Fig. 1
figure 1

Timeline of the experiment. Control group is shown in blue, Intra-arrest group in pink, and Post-ROSC group in green. VF = Ventricular fibrillation; CPR = cardiopulmonary resuscitation; ROSC = return of spontaneous circulation; and T0-3 = blood sampling time points

Throughout the experiment, a minimal MAP of at least 65 mmHg was maintained using titrated norepinephrine doses. All animals received a fixed continuous infusion of balanced crystalloids (5–10 ml/kg/h); additional fluids were administered to keep the pulse pressure variation (PPV) < 14%.

Hyperglycemia after ROSC was left uncorrected if the blood glucose concentration was < 300 mg/dl within the first hour after ROSC and < 250 mg/dl during the study period, and otherwise corrected with an infusion of 10U of regular insulin (Actrapid, Novo Nordisk, Bagsværd, Denmark).

Blood and brain interstitial fluid sampling

Arterial blood samples were obtained prior to CA induction (T0), 20 min after ROSC (sustained ROSC, T1), and 6 (T2) and 12 h later (T3). They were immediately centrifuged and separated for plasma to be stored (10 mL) at − 80 °C. Arterial and jugular blood gas analyses were carried out before and after endotracheal intubation, at T0 and T1, and then hourly until the end of the experiment; the arterio-jugular differences for lactate and glucose were computed at each time point. Mixed central venous blood was collected at T0, T1, and then every three hours to allow instrument calibration. CMD sampling was performed at T0 and every hour after T1 from the same catheter. The spare CMD sample from the second CMD catheter was stored at − 80 °C in case of necessity.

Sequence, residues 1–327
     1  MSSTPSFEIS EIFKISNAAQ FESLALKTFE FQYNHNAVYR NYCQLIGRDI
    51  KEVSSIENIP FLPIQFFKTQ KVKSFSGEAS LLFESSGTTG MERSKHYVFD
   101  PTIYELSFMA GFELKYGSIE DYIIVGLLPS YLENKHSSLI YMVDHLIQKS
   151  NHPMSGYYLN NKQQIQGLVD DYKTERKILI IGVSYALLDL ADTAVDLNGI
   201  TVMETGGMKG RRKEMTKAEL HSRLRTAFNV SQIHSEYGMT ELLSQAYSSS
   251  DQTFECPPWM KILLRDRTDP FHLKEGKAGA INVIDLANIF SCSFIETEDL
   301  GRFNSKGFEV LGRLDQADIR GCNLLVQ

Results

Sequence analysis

Brain tissue collection

After animal sacrifice (using an intravenous injection of 80 mEq of potassium chloride under deep anesthesia), the frontal and parietal bones were carefully opened with the help of a Kerrison bone punch. The dura mater was dissected with a scalpel, and one section of the parietal cortex of approximately 0.5 cm3 was harvested on each side and immediately frozen in liquid nitrogen and stored at − 80 °C.

Gene expression analysis

Total RNA was extracted from the cortex with a Ribospin II kit (GeneAll, #314-103). Samples were reverse transcribed with random hexamer primers using Multi-Scribe Reverse Transcriptase (Life Technologies). Real-time reverse transcription PCR was done with RPL27 as the housekeeping gene. Relative gene expression was determined by the ΔΔCt method [19]. Data are expressed as the log2-fold difference compared to the control group. Genes and primer sequences are listed in Additional file 1: Table S2. The exploratory analysis included the following genes: microtubule-associated protein 2 (MAP2); glial fibrillary acid protein (GFAP); cluster of differentiation molecule 11ß (CD11ß); platelet and endothelial cell adhesion molecule 1 (PECAM-1); caspase 3 and 8 (CASP-3 and CASP-8), and heme oxygenase 1 (HO-1). These genes were chosen to provide a representative picture of the tissue reaction to the injury from multiple viewpoints, including structural cellular integrity, inflammation, apoptosis, endothelial function, and oxidative stress.